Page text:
Hotard v. Avondale Industries, Inc. et al, No. 2:2020cv01877 - Document 213 (E.D. La. 2021)

Court Description: ORDER AND REASONS GRANTING 196 Motion to Enforce Stay and Notice of Liquidation and Statutory Stay. IT IS FURTHER ORDERED that the above-captioned action is STAYED AND ADMINISTRATIVELY CLOSED. IT IS FURTHER ORDERED that a status conference is set for 9/29/2021 at 4:00 PM. Signed by Chief Judge Nannette Jolivette Brown on 7/15/2021.(pp)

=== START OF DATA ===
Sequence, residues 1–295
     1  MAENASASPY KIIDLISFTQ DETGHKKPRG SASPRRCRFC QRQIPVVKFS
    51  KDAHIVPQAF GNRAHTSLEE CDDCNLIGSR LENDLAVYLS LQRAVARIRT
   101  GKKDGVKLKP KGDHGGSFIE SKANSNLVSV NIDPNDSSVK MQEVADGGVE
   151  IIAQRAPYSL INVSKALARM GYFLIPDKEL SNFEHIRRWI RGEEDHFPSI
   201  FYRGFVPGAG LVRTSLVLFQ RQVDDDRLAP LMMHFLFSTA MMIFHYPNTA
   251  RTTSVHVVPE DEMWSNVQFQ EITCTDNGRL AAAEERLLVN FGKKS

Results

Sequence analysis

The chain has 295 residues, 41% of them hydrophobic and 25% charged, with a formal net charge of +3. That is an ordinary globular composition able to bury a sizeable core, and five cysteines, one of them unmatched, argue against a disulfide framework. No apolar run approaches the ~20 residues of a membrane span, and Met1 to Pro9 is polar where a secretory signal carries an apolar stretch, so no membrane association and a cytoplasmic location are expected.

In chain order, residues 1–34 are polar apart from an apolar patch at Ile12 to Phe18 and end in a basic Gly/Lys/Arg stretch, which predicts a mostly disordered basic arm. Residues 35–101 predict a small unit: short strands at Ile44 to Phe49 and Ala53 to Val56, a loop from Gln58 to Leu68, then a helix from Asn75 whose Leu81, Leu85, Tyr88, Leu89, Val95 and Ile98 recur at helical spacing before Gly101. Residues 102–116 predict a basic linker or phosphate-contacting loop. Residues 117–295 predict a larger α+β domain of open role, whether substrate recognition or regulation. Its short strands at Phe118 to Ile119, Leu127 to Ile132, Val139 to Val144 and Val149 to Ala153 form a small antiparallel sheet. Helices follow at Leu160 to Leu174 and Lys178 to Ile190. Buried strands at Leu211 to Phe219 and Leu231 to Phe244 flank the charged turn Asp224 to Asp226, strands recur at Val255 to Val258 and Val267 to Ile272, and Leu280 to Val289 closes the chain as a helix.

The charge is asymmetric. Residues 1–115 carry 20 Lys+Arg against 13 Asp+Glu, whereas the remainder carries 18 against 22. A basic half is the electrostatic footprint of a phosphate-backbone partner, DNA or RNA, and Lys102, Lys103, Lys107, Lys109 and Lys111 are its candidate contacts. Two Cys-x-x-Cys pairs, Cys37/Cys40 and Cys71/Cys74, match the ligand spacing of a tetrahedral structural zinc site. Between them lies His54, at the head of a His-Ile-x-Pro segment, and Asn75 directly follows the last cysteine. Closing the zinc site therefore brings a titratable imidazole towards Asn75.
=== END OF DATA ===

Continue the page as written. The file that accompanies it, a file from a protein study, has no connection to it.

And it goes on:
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Hotard v. Avondale Industries, Inc. et al Doc. 213 UNITED STATES DISTRICT COURT EASTERN DISTRICT OF LOUISIANA PAUL HOTARD CIVIL ACTION VERSUS CASE NO. 20-1877 AVONDALE INDUSTRIES, INC. ET AL. SECTION: “G”(1) ORDER AND REASONS In this litigation, Plaintiff Paul Hotard (“Plaintiff”) alleges that he suffered exposure to injurious levels of asbestos and asbestos-containing products designed, manufactured, sold and/or supplied by several defendant companies while employed by Avondale Industries, Inc. (“Avondale”).1 Pending before the Court is the “Motion to Enforce Stay and Notice of Liquidation and Statutory Stay” filed by Defendant Lamorak Insurance Company (“Lamorak”).2 Considering the motion, the memoranda in support and opposition, the record, and the applicable law, the Court stays and administratively closes the instant action and sets a status conference for September 29, 2021. I. Background Plaintiff filed a “Petition for Damages” (the “Petition”) in the Civil District Court for the Parish of Orleans, State of Louisiana, on June 29, 2020.3 Avondale removed the case to this Court 1 Rec. Doc. 1-2 at 2. 2 Rec. Doc. 196. 3 Rec. Doc. 1-2 at 1. 1 Dockets.Justia.com on July 2, 2020, asserting diversity jurisdiction pursuant to 28 U.S.C. § 1332.4 Plaintiff alleges that he “work[ed] for Avondale Shipyards at its Main Yard during the mid 1960s.” 5 Plaintiff contends that during that time he handled asbestos and asbestos-containing products in various locations and work sites, resulting in Plaintiff inhaling asbestos fibers and later developing diffuse malignant pleural mesothelioma.6 Plaintiff alleges that he was diagnosed with mesothelioma in or around April 2020.7 Plaintiff brings Louisiana state law negligence and strict liability tort claims against Avondale.8 Plaintiff also brings claims against Lamorak as alleged insurers of Avondale executive officers pursuant to the Louisiana Direct Action Statute.9 On May 5, 2021, Lamorak filed the instant “Motion to Enforce Stay and Notice of Liquidation and Statutory Stay.”10 Plaintiff filed an opposition to the instant motion on May 25, 2021.11 On May 28, 2021, with leave of Court, Lamorak filed a reply memorandum in further support of the instant motion. 12 On June 2, 2021, with leave of Court, Avondale, Defendant ViacomCBS Inc. (“Viacom”), and Defendant General Electric Company (“General Electric”) filed 4 Rec. Doc. 1. 5 Rec. Doc. 1-2 at 2. 6 Id. at 3. 7 Id. 8 See Rec. Doc. 60. 9 Id. at 9. Plaintiff cites La. Rev. Stat. § 22:655, the previous citation for the Louisiana Direct Action Statute prior to the 2011 amendment. See La. Rev. Stat. § 22:1269. 10 Rec. Doc. 196. 11 Rec. Doc. 200. 12 Rec. Doc. 205. 2 reply memoranda to Plaintiff’s opposition to the instant motion.13 II. Parties’ Arguments A. Lamorak’s Arguments in Support of the Motion to Stay Lamorak moves the Court to stay all proceedings in the instant matter due to Lamorak being declared insolvent and placed into liquidation by the Commonwealth Court of Pennsylvania on March 11, 2021.14 Lamorak also seeks to continue the November 1, 2021 trial date.15 Lamorak raises three arguments in support of this motion. First, Lamorak asserts that it has been declared insolvent and placed into liquidation.16 Specifically, Lamorak avers that Bedivere Insurance Company (“Bedivere”), a foreign insurance company that includes by merger Lamorak, was declared insolvent and placed into liquidation on March 11, 2021 by Judge Brobson in the Commonwealth Court of Pennsylvania. 17 Lamorak points to the Liquidation Order issued by the Commonwealth Court of Pennsylvania, which states: All above-enumerated actions currently pending against Bedivere in the courts of the Commonwealth of Pennsylvania or elsewhere are hereby stayed; relief sought in these actions shall be pursued by filing a proof of claim against the estate of Bedivere pursuant to Section 538 of Article V, 40 P.S. § 221.38.18 Lamorak urges the Court enforce the permanent stay of claims against Lamorak instituted by the 13 Rec. Docs. 207, 209. 14 Rec. Doc. 196. 15 Rec. Doc. 196-2 at 11. 16 Id. at 1. 17 Id. 18 Id. at 2. 3 Commonwealth Court of Pennsylvania.19 Second, Lamorak argues that under Louisiana Revised Statute § 22:2068 (“La. R.S. 22:2068”), claims against Lamorak and any party Lamorak is obligated to defend are subject to an automatic statutory stay of claims.20 Lamorak contends that it is an “insolvent insurer” under the terms of Louisiana Revised Statute § 22:2055(7), the Louisiana Insurance Guaranty Association Law.21 Therefore, Lamorak asserts that the Louisiana Insurance Guaranty Association (“LIGA”) “has all rights, duties and obligations of the insolvent insurer, herein Bedivere Insurance Company/Lamorak, as if the insurer had not become insolvent, including the obligation to defend the insured(s).” 22 Lamorak claims that as an insolvent insurer, La. R.S. 22:2068 mandates an automatic statutory six month stay of claims against Lamorak and any party it is obliged to defend, including defendants Eagle, Inc. (“Eagle”) and McCarty Corporation (“McCarty”).23 Third, and finally, Lamorak argues that this Court “has inherent authority to stay proceedings to control the disposition of the causes on its docket with economy of time and effort for itself, for counsel, and for litigants.”24 Lamorak contends that a “stay of all proceedings is justified under the court’s inherent authority.”25 19 Id. 20 Id. 21 Id. at 3. 22 Id. 23 Id. at 2–7. 24 Id. at 6 (internal quotation marks omitted). 25 Id. at 7. 4 B. Plaintiff’s Arguments in Opposition to the Motion to Stay Plaintiff does not dispute that a stay of the claims pending against Lamorak is appropriate in light of the Pennsylvania order.26 Rather, Plaintiff argues that the Court should deny Lamorak’s motion to stay “as to all defendants save Lamorak itself” because La. R.S. 22:2068 is a state procedural law and does not apply in federal court pursuant to the Erie doctrine.27 Plaintiff also contends that it would not be prudent to stay this case because “[b]ringing Plaintiff’s case to a screeching halt would not further the interests of justice” and “Lamorak cannot be liable unless its [i]nsureds are liable, and they already have representation in this matter separate from Lamorak.”28 According to Plaintiff, a separate trial against Lamorak will be necessary only if Plaintiff is unable to collect a judgment from its insureds and Lamorak is unwilling to pay on their behalf. In the alternative, Plaintiff moves “to dismiss Lamorak and the [i]nsureds without prejudice, to sever all cross-claims to which the [i]nsureds are parties, and to therefore dismiss Lamorak’s Motion to Stay as moot.”29 Plaintiff avers that Lamorak and its insureds, as solidary tortfeasors, are not indispensable parties to the instant litigation.30 C. Lamorak’s Arguments in Further Support of the Motion to Stay In reply, Lamorak urges the Court to enforce the automatic statutory stay of claims against parties for whom Lamorak was providing a defense under La. R.S. 22:2068.31 Lamorak contends 26 Rec. Doc. 200 at 2. 27 Id. at 3–5. 28 Id. at 4. 29 Id. at 4–5. 30 Id. at 5. 31 Rec. Doc. 205 at 1. 5 that “[t]he Louisiana statute is not merely a procedural stay as an attempt to control a federal court’s docket. Rather, the six months stay provided by the statute provides substantive rights to insureds who are adversely affected by the insolvency of their insurer.”32 Specifically, according to Lamorak, the stay prevents claims from proceeding against insureds who “will be prejudiced by not having insurance to pay for the defense of the suit” and “provides the time necessary for [LIGA] to evaluate its obligations and provide access to the insolvent insurer’s records to determine whether it will assume defense and indemnity in a case.”33 Lamorak points out that it was providing a defense to Eagle prior to its insolvency and there is “no one currently paying for the defense of Eagle,” which Lamorak contends will prejudice Eagle if the case against it proceeds.34 D. Avondale’s Arguments in Opposition to Severance Avondale contends that Plaintiff’s request for severance of all cross-claims to which Lamorak or its insureds are parties is “procedurally improper” under Federal Rule of Civil Procedure 7(b) because it was not properly raised by motion but instead asserted in Plaintiff’s opposition brief. 35 Avondale further contends that it would be prejudiced by the proposed severance because it has asserted crossclaims and third-party demands against other parties in this case.36 Avondale also argues that “conducting two trials would result in a tremendous waste of 32 Id. at 1–2. 33 Id. at 2. 34 Id. 35 Rec. Doc. 209 at 2–3. 36 Id. at 3–4. 6 resources.”37 According to Avondale, a brief stay of this litigation is the “best course of action” to “preserve the status quo and allow for a single trial in this matter.”38 E. Viacom and General Electric’s Arguments in Opposition to Severance Viacom and General Electric also argue that Plaintiff’s request for severance is procedurally improper.39 Viacom and General Electric contend that severance is not justified in this matter because Plaintiff’s claims against Lamorak, Lamorak’s insureds, and the other defendants all arise from the same transaction or occurrence and involve common questions of law and fact.40 Viacom and General Electric also argue that severing the claims against Lamorak and its insureds will not promote judicial economy and will cause undue prejudice to defendants.41 Finally, Viacom and General Electric note that the case against Lamorak and its insureds involves the same witnesses and evidence as the case against several other defendants.42 III. Legal Standards A. Legal Standard for a Motion to Stay In Landis v. North American Co., the Supreme Court recognized that “the power to stay proceedings is incidental to the power inherent in every court to control the disposition of the causes on its docket with economy of time and effort for itself, for counsel, and for litigants.”43 37 Id. at 4. 38 Id. at 5. 39 Rec. Doc. 207 at 2. 40 Id. at 2–4. 41 Id. at 4–6. 42 Id. at 6. 43 299 U.S. 248, 254 (1936). 7 The Supreme Court noted that “how this can best be done calls for the exercise of judgment, which must weigh competing interests and maintain an even balance.”44 Therefore, a district court has “discretionary power to stay proceedings before it in the control of its docket and in the interests of justice.”45 Furthermore, a district court may exercise this discretionary power sua sponte.46 B. Legal Standard for Severance 1. Legal Standard Under Rule 21 Motions to sever are generally governed by Federal Rule of Civil Procedure 21, which provides that “any claim against a party may be severed and proceeded with separately.”47 This Court has “broad discretion to sever issues to be tried before it.”48 Accordingly, a court’s decision to sever a claim will be reviewed for abuse of discretion.49 Although courts have looked to Rule 20 for guidance in the absence of any standards in Rule 21,50 courts may sever claims even where the requirements of Rule 20(a) for permissive joinder have been satisfied.51 To determine whether a claim should be severed, a court may consider the following factors: (1) whether the claim arose out of the same transaction or occurrence; (2) whether the claims present common questions of law or fact; (3) whether settlement or judicial economy would be promoted; (4) whether prejudice 44 Id. at 254–55. 45 McKnight v. Blanchard, 667 F.2d 477, 479 (5th Cir. 1982). See Begum v. Miner, 213 F.3d 639, at *1 n.1 (2000) (unpublished) (citing Murphy v. Uncle Ben’s, Inc., 168 F.3d 734, 737 n.1 (5th Cir.1999)) (“We have held that the district court may sua sponte stay a suit as a form of abstention.”). 46 47 Fed. R. Civ. P. 21. 48 Brunet v. United Gas Pipeline Co., 15 F.3d 500, 504 (5th Cir. 1994). 49 Acevedo v. Allsup's Convenience Stores, Inc., 600 F.3d 516, 520 (5th Cir. 2010) (citing Jolley v. Welch, 904 F.2d 988, 994 (5th Cir. 1990)). 50 Id. at 521. 51 United States v. O'Neil, 709 F.2d 361, 369 (5th Cir. 1983). 8 would be averted by severance; and (5) whether different witnesses and documentary proof are required for separate claims.52 It is notable that the first two factors track the “two-prong test” created by Rule 20, which permits joinder of plaintiffs when “(1) the claims arise out of the same transaction, occurrence, or series of transactions or occurrences and when (2) there is at least one common question of law or fact linking all claims.”53 Therefore, application of these five factors accounts for whether joinder was appropriate, but it also allows for the exercise of judicial discretion in instances where joinder was permissible but severance is warranted. 2. Legal Standard Under Rule 42(b) Federal Rule of Civil Procedure 42 gives a district court discretion, “[f]or convenience, to avoid prejudice, or to expedite and economize, . . . [to] order a separate trial of one or more separate issues, claims, crossclaims, counterclaims, or third-party claims.” 54 The Fifth Circuit has explained that: The procedure authorized by Rule 42(b) should be distinguished from severance under Rule 21. Separate trials will usually result in one judgment, but severed claims become entirely independent actions to be tried, and judgment entered thereon, independently. Unfortunately, this distinction, clear enough in theory, is often obscured in practice since at times the courts talk of separate trial and severance interchangeably.55 Some district courts in the Fifth Circuit apply the same considerations to Rule 21 requests 52 Vaz v. Allstate Prop. & Cas. Co., No. 06-481, 2006 WL 2583733, at *1 (S.D. Miss. Sept. 6, 2006) (citing Morris v. Northrop Grumman Corp., 37 F. Supp. 2d 556, 580 (S.D.N.Y. 1999)); Corkern v. Hammond City, No. 111828, 2012 WL 2597561, at *2 (E.D. La. July 5, 2012) (citing Kreger v. General Steel Corp., No. 07-575, 2011 WL 1594839, at *2 (E.D. La. Apr. 25, 2011)). 53 Acevedo, 600 F.3d at 521 (citations omitted). Even when the test for joinder is satisfied, district courts have the discretion to refuse joinder in the interest of avoiding prejudice and delay. Id. (citing Applewhite v. Reichhold Chems., Inc., 67 F.3d 571, 574 (5th Cir. 1995)). 54 Fed. R. Civ. P. 42(b). 55 McDaniel v. Anheuser–Busch, Inc., 987 F.2d 298, 304 n.19 (5th Cir.1993) (quoting 9 Wright & Miller, Federal Practice and Procedure: Civil § 2387 (1971)). 9 for severance and Rule 42(b) requests for separate trials.56 However, other district courts in the Fifth Circuit find that “[t]he standards for separate trials and severance differ, and although both consider prejudice to the parties to be a key factor . . . the application of Rule 42(b) involves primarily the consideration of convenience and fairness, [while] that of Rule 21 also presupposes basic conditions of separability in law and logic.”57 IV. Analysis Lamorak moves the Court to stay all proceedings in the instant matter due to Lamorak being declared insolvent and placed into liquidation by the Commonwealth Court of Pennsylvania on March 11, 2021.58 Lamorak also seeks to continue the November 1, 2021 trial date.59 Plaintiff opposes Lamorak’s motion to stay “as to all defendants save Lamorak itself.”60 In the alternative, Plaintiff moves “to dismiss Lamorak and the [i]nsureds without prejudice, to sever all cross-claims to which the [i]nsureds are parties, and to therefore dismiss Lamorak’s Motion to Stay as moot.”61 Avondale, Viacom, and General Electric oppose Plaintiff’s alternative request for severance.62 The Court first addresses Lamorak’s request for a stay of proceedings and then turns to the 56 Beechgrove Redevelopment, L.L.C. v. Carter & Sons Plumbing, Heating & Air Conditioning, Inc., No. 07-8446, 2009 WL 382713, at *5 (E.D. La. Feb. 11, 2009) (Barbier, J.); see also Abrams v. Integrated Pro Servs., LLC, 07-8426, 2015 WL 7458604, at *2 (E.D. La. Nov. 24, 2015) (Lemelle, J.) (“As the concepts of convenience and fairness fall under the prejudice umbrella and are not inapposite to the concept of separability, this Court finds no need to apply different standards.”). 57 Id. (quoting David v. M & E Food Mart, Inc., 1995 WL 55306, *1 (E.D. Tex. Jan. 31, 1995)). 58 Rec. Doc. 196. 59 Rec. Doc. 310-2 at 7. 60 Rec. Doc. 200 at 5. 61 Id. at 4–5. 62 Rec. Docs. 207, 209. 10 issue of whether the claims involving Lamorak and its insureds should be severed from the claims pending against other defendants in this litigation. A. Lamorak’s Motion to Stay Lamorak urges this Court to (1) enforce the permanent stay of claims against it initiated by the Commonwealth Court of Pennsylvania; (2) enforce the automatic statutory six-month stay of claims against it and any party it is obligated to defend as set forth by La. R.S. 22:2068; and (3) use its inherent authority to stay proceedings for judicial economy and allow LIGA time to determine its obligations in this matter.63 In opposition, Plaintiff contends that La. R.S. 22:2068 is procedural rather than substantive and therefore does not apply to the instant federal proceedings.64 Plaintiff also argues that it would not be prudent to stay this case because separate trials will result in minimal “duplication of effort,” Lamorak’s insureds “already have representation in this matter,” and “[b]ringing Plaintiff’s case to a screeching halt would not further the interests of justice.”65 As this Court recently observed in a similar case, 66 Fifth Circuit precedent holds that “insolvent insurers are subject to the comprehensive oversight of state administrative agencies and courts” and “[f]ederal law consigns to the states the primary responsibility for regulating the Rec. Doc. 196-2. La. Rev. Stat. 22:2068(A) provides: “All proceedings in which the insolvent insurer is a party or is obligated to defend a party in any court in this state shall be stayed for six months and such additional time as may be determined by the court from the date the insolvency is determined to permit proper defense by the association of all pending causes of action.” 63 64 Rec. Doc. 200 at 2–4. 65 Id. at 4. 66 Gooding v. Liberty Mut. Ins., No. 20-1133, 2021 WL 2002463, at *1 (E.D. La. May 19, 2021) (Brown, C.J.). 11 insurance industry.”67 Accordingly, the Fifth Circuit, in Clark v. Fitzgibbons, held that “allowing a creditor or claimant to proceed against an insolvent insurer in federal court while a state insolvency proceeding is pending would usurp [the state’s] control over the liquidation proceeding by allowing [the claimant] to preempt others in the distribution of [the insurance company’s] assets.” 68 The Fifth Circuit, relying on the Full Faith and Credit Clause of the United States Constitution, explained that “a federal court judgment against [an Arizona insolvent insurer] inevitably would destabilize Arizona’s efforts to manage [the] insolvency.”69 Similarly, in Anshutz v. J. Ray McDermott Co., an insurer was placed under a “Final Order of Liquidation” by the Circuit Court of Cook County, Illinois while an appeal against it was pending in federal court. 70 The Fifth Circuit stayed the appeal, holding that “[a]n orderly liquidation requires that this Court not interfere with the order of the Circuit Court of Cook County” and explaining that “[r]ecognition by this Court of the effectuation of the liquidation of this insurance company by the State of Illinois is in accordance with federal policy which directs that the control over the insurance business remain in the hands of the states.”71 Accordingly, in light of Fifth Circuit precedent admonishing courts to avoid interfering with state administrative processes involving insolvent insurers and the Court’s broad discretion to stay proceedings, the Court will stay the claims pending against Lamorak.72 67 Clark v. Fitzgibbons, 105 F.3d 1049, 1051 (5th Cir. 1997) (citing the McCarran–Ferguson Act). 68 Id. (internal citation and quotation omitted). 69 Id. at 1053. 70 Anshutz v. J. Ray McDermott Co., 642 F.2d 94, 95 (5th Cir. 1981). 71 Id. 72 See Cortez v. Lamorak Ins. Co., No. 20-2389, 2021 WL 2018073 (E.D. La. May 20, 2021) (Vance, J.) (staying an action in which Lamorak is a defendant in light of the Commonwealth Court of Pennsylvania’s 12 The Court will also exercise its inherent authority to stay this matter as to all other defendants. There is no question that a district court has inherent power to “control the disposition of the causes on its docket with economy of time and effort for itself, for counsel, and for litigants,”73 and that this authority includes the district court’s wide discretion to grant a stay in a pending matter. 74 When “the interests of justice seem[] to require such action,” a court may exercise its discretion to stay civil proceedings.75 In determining whether to grant a stay, courts consider the following factors as set out in Landis v. North American Co.: (1) any hardship imposed on the moving party by proceeding with the action, (2) any prejudice to the non-moving party if the stay is granted, and (3) the interests of judicial economy.”76 Applying the Landis factors here, the Court finds a stay is warranted. Under the first factor, as noted above, because Lamorak, the moving party, was declared insolvent in liquidation proceedings, “a stay is required so as not to interfere with its orderly liquidation.”77 Moreover, Lamorak is obliged to defend the Eagle, Inc., and McCarty Corporation. Staying claims against Lamorak but proceeding against Lamorak’s insureds would be highly Liquidation Order and finding that “a stay is required so as not to interfere with [Lamorak’s] orderly liquidation.”); Olin Corp. v. Lamorak Ins. Co., No. 84-CV-1968 (JSR), 2021 WL 982426 (S.D.N.Y. Mar. 15, 2021) (staying an action in which Lamorak is a defendant in light of the Commonwealth Court of Pennsylvania’s Liquidation Order in part under the “principles of comity.”). 73 Landis v. N. Am. Co., 299 U.S. 248, 254 (1936). 74 In re Ramu Corp., 903 F.2d 312, 318 (5th Cir. 1990). 75 United States v. Kordel, 397 U.S. 1, 12 n.27 (1970); see also, Mayo v. Tri-Bell Indus., 787 F.2d 1007, 1012 (5th Cir. 1986). 76 Cortez v. Lamorak Ins. Co., No. 20-2389, 2021 WL 2018073, at *4 (E.D. La. May 20, 2021) (Vance, J.) (quoting Maples v. Donzinger, No. 13-223, 2014 WL 688965, at *2 (E.D. La. Feb. 21, 2014)) (internal quotation marks omitted). 77 Id. 13 prejudicial to such insured parties. Furthermore, “absent a stay, LIGA would not have sufficient time to investigate the claims against Lamorak, now that LIGA stands in Lamorak’s shoes as to those claims.”78 Given that the Court should “take into account the hardships these litigants and LIGA would experience were litigation to proceed before LIGA had the opportunity to prepare a defense” in weighing a stay,79 the Court finds that the first Landis factor favors a stay. Under the second Landis factor, Plaintiff argues that a stay would be prejudicial because it would bring “discovery and motion practice in the matter . . . to a halt.” 80 However, even considering the potential prejudice to Plaintiff under the second Landis factor, the third Landis factor weighs in favor of granting a stay. Proceeding with this case against parties other than Lamorak would frustrate judicial economy. Plaintiffs’ claims against the non-Lamorak parties in this action all arise from the same transaction or occurrence, namely Plaintiff’s alleged asbestos exposure while working for Avondale in the 1960s. Consequently, all claims involve common questions of fact and law. A stay against only Lamorak would result in litigation “proceed[ing] in a haphazard and inefficient manner.” 81 Accordingly, considering the three Landis factors, the Court finds that a stay against all parties is necessary. B. Plaintiff’s Request to Sever Claims Involving Lamorak In the alternative, Plaintiff requests that this Court “dismiss Lamorak and the [i]nsureds without prejudice, to sever all cross-claims to which the [i]nsureds are parties, and to therefore 78 Id. 79 Id. 80 Rec. Doc. 200 at 1. 81 Id. 14 dismiss Lamorak’s Motion to Stay as moot”82 effectively seeks a severance of claims involving Lamorak and its insureds from the remaining claims in this action. In support of this request, Plaintiff avers that Lamorak and its insureds, as solidary tortfeasors, are not indispensable parties to the instant litigation.83 In opposition, Avondale, Viacom, and General Electric contend that (1) Plaintiff’s request is procedurally improper; and (2) severance of the claims involving Lamorak and its insureds is not appropriate under Rule 21.84 Under the overlapping standards applicable to Rule 21 and Rule 42(b), the Court finds that severance is inappropriate in this case. First, severing the claims against only Lamorak without severing the claims against its insureds would be highly prejudicial to Lamorak’s insureds who have tendered their defenses to Lamorak. Second, severing the claims against Lamorak and its insureds while proceeding to trial against the remaining defendants in this action would result in the risk of inconsistent jury verdicts. Additionally, as noted by the Avondale Interests, Plaintiff’s claims in this action arise from the same transaction or occurrence, namely Plaintiff’s alleged asbestos exposure while working for Avondale in the 1960s. Consequently, all claims involve common questions of fact and law, meaning that separate trials would likely frustrate judicial economy. In addition, under the Louisiana law applicable to the survival claims raised in this case, damages are allocated among defendants according to virile share principles.85 Severing claims against certain defendants would 82 Rec. Doc. 200 at 4–5. 83 Id. at 5. 84 Rec. Docs. 207, 209. 85 See Cole v. Celotex Corp., 599 So. 2d 1058 (La. 1992). 15 therefore frustrate the parties’ ability to resolve this case as a whole and may result in undue prejudice to both Plaintiff and Defendants, who would have to bear the increased costs of litigating this case twice. Accordingly, the Court declines to sever the claims involving Lamorak and its insureds from the claims against the remaining defendants in this litigation. Finally, Lamorak requests a continuance of the November 1, 2021 trial date in this matter. Rather than continuing the trial date at this time, the Court will schedule a status conference for September 29, 2021 to discuss the status of the case. V. Conclusion For the foregoing reasons, IT IS HEREBY ORDERED that the “Motion to Enforce Stay and Notice of Liquidation and Statutory Stay”86 filed by Defendant Lamorak Insurance Company is GRANTED. IT IS FURTHER ORDERED that the above-captioned action is STAYED AND ADMINISTRATIVELY CLOSED. IT IS FURTHER ORDERED that a status conference is set for September 29, 2021 at 4:00 PM. NEW ORLEANS, LOUISIANA, this 15th ____ day of July, 2021. _________________________________ NANNETTE JOLIVETTE BROWN CHIEF JUDGE UNITED STATES DISTRICT COURT 86 Rec. Doc. 196. 16